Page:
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from the press release:
We live in a hectic world. Alerts, alarms, and reminders prod us through our days with unforgiving precision. Challenging this pressure-filled environment, the Domino Clock™ takes a simple, iconic object and transforms it into a new way to tell time. The concept is simple. Three larger-than-life dominoes are equipped with articulating dots that flip back-and-forth between black and white to keep time. They hang on the wall or stand free, communicating wirelessly as they quietly mark the passing hours and minutes. By subtly abstracting the idea of time, Carbon’s Domino Clock creates a more relaxing experience.
Challenging Expectations. While the idea itself is pretty straight forward, it challenges the assumptions we make about familiar objects. "People have a lot of immediate associations with everyday things, especially iconic ones," says Joe Sullivan, industrial designer at Carbon Design Group, a Seattle-based product development consultancy. "It’s interesting to play with these expectations. In this case, we’re taking a well-known object out of its normal context and giving it new capabilities, allowing it to function as something completely different."
"The numbering scheme on dominoes and dice developed as a way to represent numbers that’s immediately recognizable, so in a lot of ways it makes perfect sense to use it as a time piece," explains Sullivan. "Everyone gets it, but the fact that we’re not used to seeing it in this context makes it unexpected at the same time. It’s this shift in context that gives the concept a twist."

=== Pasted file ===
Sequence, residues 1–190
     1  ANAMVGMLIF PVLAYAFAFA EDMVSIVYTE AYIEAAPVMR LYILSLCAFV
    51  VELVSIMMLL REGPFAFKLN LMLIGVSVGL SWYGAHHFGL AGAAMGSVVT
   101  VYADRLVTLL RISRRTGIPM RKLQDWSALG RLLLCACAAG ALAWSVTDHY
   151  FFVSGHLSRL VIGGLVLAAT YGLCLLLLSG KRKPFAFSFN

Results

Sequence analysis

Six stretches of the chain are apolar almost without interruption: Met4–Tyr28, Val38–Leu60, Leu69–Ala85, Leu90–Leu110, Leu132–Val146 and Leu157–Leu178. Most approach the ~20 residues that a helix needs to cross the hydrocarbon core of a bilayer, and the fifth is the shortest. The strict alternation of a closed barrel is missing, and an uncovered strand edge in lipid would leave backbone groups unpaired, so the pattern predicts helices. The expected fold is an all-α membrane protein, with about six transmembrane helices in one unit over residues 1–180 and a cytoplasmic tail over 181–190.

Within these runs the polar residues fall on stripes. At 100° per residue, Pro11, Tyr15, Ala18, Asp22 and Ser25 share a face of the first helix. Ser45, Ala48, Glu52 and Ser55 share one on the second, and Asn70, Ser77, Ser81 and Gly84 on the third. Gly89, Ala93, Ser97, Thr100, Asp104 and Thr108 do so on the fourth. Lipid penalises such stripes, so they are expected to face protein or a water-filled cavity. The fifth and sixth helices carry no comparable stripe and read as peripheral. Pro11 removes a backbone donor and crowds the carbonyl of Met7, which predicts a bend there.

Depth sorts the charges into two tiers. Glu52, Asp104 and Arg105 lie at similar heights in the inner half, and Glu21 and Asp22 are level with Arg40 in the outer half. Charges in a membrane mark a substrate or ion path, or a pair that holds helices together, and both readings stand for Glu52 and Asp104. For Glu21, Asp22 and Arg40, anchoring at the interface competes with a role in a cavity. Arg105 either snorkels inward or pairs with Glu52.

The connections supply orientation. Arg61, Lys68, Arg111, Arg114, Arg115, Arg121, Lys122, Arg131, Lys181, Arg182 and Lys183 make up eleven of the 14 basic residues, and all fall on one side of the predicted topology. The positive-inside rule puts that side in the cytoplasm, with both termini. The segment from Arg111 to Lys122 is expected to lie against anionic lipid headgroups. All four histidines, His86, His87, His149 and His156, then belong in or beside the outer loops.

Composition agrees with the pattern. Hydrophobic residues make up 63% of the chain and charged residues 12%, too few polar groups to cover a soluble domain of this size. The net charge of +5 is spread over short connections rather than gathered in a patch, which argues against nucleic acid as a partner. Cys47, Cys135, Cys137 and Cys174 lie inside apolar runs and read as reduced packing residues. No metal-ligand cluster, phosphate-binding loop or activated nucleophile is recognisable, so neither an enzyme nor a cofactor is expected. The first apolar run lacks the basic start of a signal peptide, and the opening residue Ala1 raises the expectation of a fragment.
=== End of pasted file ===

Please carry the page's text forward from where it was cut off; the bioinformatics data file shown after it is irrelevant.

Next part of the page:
Fueling the Passion. The Domino Clock was one of a number of ideas bubbling up in the Carbon studio when it was selected to be a Carbon Passion Project. Similar to Google’s 20% Time, Carbon’s Passion Projects are designed to fuel the creative spark. "They’re a way to push the boundaries… to try something new, to take a break from the constraints of client projects and play a little," explains Dan Blase, President of Carbon Design Group. "These projects foster Carbon’s culture of learning and play, and, at the same time, give our team the variety they thrive on."
Making it Real. Simple ideas often require a good deal of work to keep them simple. "Form-wise, it’s a very literal reference to a domino, so 95% of the up-front heavy-lifting from an aesthetic standpoint is defined from the get-go," says Sullivan. Once the form is set, the conversation moves quickly to feel and function. The reference to real dominoes plays heavily here as well. From their playful falling motion, to the weight of the ceramic materials in your hand, dominoes have very specific physical qualities inherent to them. "The clock wants to communicate these same qualities, from the materials down to the precise motion of the dots."
"If you imagine a domino scaled up to a foot tall, it would be quite heavy and have considerable inertia. The mechanism that creates the motion needs a sense of gravity to it to give the flip the feel of falling," says Sullivan. It was up to Eric Davis, one of Carbon’s mechanical engineers, to solve the challenge of creating a small mechanism that generated this slow movement, yet was very quiet. The additional challenge of powering thousands of transitions a day without burning through batteries meant Davis would need to design a custom actuator. Ultimately, he developed a mechanism that runs off a small, electromagnetic coil. "You might call it a ‘single-poled motor,’" says Davis. "The magnet and the iron move around the coil… opposite the way motors are usually designed." The device can be fine-tuned to get just the desired flip speed. And, best of all, power is only required to initiate the movement, and not while the device is in either the black or white resting state. A more detailed explanation and video demonstration of the Domino Clock proof of concept prototype is available on Carbon’s site.